Friday, July 30, 2010

Tokyo Blueberry Jam

The first batch of farm blueberry jam is finally done. All the jars gave out resounding pops as they sealed, and now simply await a lovely piece of toast. I used the recipe on the back of the box of pectin, but I'm hoping my next round will use this tasty concoction from Food in Jars. It sounds utterly magnificent, and I'd have a use for the lavender in the garden. I'm also wondering if I could use yuzu in place of lemon to round out the local flavor.

Basic Blueberry Jam Recipe
4 cups crushed blueberries
4 cups sugar
1 box of pectin

Wash and destem the blueberries, and then crush them one cup at a time. Stir in the pectin packet while bringing the mixture to a good rolling boil. (A rolling boil is one that doesn't let up even when being stirred. Mind you, the stirrer gets a periodic painful splash.) Once the rolling boil is going stir in all of the sugar all at once, and keep stirring. Boil and stir like this for one minute. Remove from heat, and dole into jars.

Jar Processing and Filling
Since I don't have a water bath canner here, I just use a big pot. Fill a pan with water and place the jars (also filled with water) inside, and bring them to a good boil to sterilize. I leave them on a low hum while processing the fruit, which makes me feel like they're super sterile. Sterilize the lids (or rings and lids) by placing them in a rather large bowl, and pour a kettle of boiling water iover them lids until they are well submerged. Leave them there until you need them.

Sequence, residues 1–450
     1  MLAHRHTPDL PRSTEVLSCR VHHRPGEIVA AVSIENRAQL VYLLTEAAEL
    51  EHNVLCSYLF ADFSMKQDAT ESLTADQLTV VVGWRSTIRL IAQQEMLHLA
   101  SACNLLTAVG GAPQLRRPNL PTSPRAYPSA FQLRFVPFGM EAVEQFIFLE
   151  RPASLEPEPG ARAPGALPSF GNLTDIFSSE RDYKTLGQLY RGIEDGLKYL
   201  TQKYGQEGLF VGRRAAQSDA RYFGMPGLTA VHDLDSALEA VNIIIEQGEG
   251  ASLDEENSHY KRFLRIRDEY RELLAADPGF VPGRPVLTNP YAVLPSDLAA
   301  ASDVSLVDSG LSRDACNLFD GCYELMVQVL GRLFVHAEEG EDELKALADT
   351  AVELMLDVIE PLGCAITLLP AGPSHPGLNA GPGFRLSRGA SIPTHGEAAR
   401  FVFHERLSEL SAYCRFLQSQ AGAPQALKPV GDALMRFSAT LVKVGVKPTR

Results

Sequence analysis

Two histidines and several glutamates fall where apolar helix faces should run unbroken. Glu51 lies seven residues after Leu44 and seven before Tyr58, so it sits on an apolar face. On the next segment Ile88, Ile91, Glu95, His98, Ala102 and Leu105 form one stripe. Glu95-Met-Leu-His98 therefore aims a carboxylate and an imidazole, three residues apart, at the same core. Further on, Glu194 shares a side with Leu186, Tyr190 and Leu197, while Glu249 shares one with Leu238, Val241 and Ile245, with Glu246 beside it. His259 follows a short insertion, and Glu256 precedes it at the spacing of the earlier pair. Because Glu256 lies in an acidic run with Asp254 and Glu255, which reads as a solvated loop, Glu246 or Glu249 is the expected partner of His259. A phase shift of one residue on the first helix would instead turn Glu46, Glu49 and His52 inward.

A basic rule is to fill jars to about an inch (two centimeters) of the top. Once the jars are filled, wipe the lip and mouth to make sure there's no jam in the way of a good seal. Carefully fish the hot lid out of the bowl, screw it on, and gently plunk the jar back in the water bath canner/pot. Repeat until all the jars are full or the canner is full of jars, whichever comes first.

Put the lid back on the pot/canner and bring it back up to a good boil. Once it's boiling, let the jars process for a good ten minutes. Then, turn off the heat, and remove the jars. Place them on a flat surface to cool. As they cool that tell-tale pop signifies that they have sealed. The jars should hang out there for roughly 24 hours to settle, and then store them in a relatively cool, dark place. They should keep on the shelf for about a year.

A potato masher is the perfect crusher, but I just used a fork since I don't have one. A food processor might also work, but don't puree the berries. Jams are chunky by nature, and a puree is a different consistency and might change the canning time.

I don't have a canner, so as I mentioned before I just use a big pot. A canner is preferable as it has a rack inside that elevates the jars, which keeps them from heating up too quickly and exploding. (As I understand it, anyway. I haven't found something that fits inside my pot that doesn't raise the jars up too high, so I just risk it.)

I look for jars that both fit in the canner/pot and have lids with that little raised bit in the center that will depress when sealed. The best I've found that don't cost upwards of 500yen each (I'm not kidding.) are at Tokyo Hands in Shinjuku for just under 100yen. They also sell replacement lids, so I can reuse the jars. That said, I'm giving serious thought to getting a canner over here some way or another along with jars. If you've read this far and are interested, let me know. We'll get canning!

Wednesday, July 28, 2010

Cucumber Delight

It's been way too hot to cook and salads suffer from a lack of garden greens. Our new favorite dish of green beans is fast and easy, and thankfully the tomatoes are at last making it to the table to add a fancy dash of color and taste.